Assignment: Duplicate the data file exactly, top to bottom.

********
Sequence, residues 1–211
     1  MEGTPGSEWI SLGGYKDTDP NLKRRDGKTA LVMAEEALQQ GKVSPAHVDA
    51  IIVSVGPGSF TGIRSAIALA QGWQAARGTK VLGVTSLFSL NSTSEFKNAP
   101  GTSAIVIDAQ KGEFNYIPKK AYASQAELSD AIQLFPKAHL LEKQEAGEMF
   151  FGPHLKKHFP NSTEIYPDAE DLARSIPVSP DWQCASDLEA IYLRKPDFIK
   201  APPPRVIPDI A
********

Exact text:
Sequence, residues 1–211
     1  MEGTPGSEWI SLGGYKDTDP NLKRRDGKTA LVMAEEALQQ GKVSPAHVDA
    51  IIVSVGPGSF TGIRSAIALA QGWQAARGTK VLGVTSLFSL NSTSEFKNAP
   101  GTSAIVIDAQ KGEFNYIPKK AYASQAELSD AIQLFPKAHL LEKQEAGEMF
   151  FGPHLKKHFP NSTEIYPDAE DLARSIPVSP DWQCASDLEA IYLRKPDFIK
   201  APPPRVIPDI A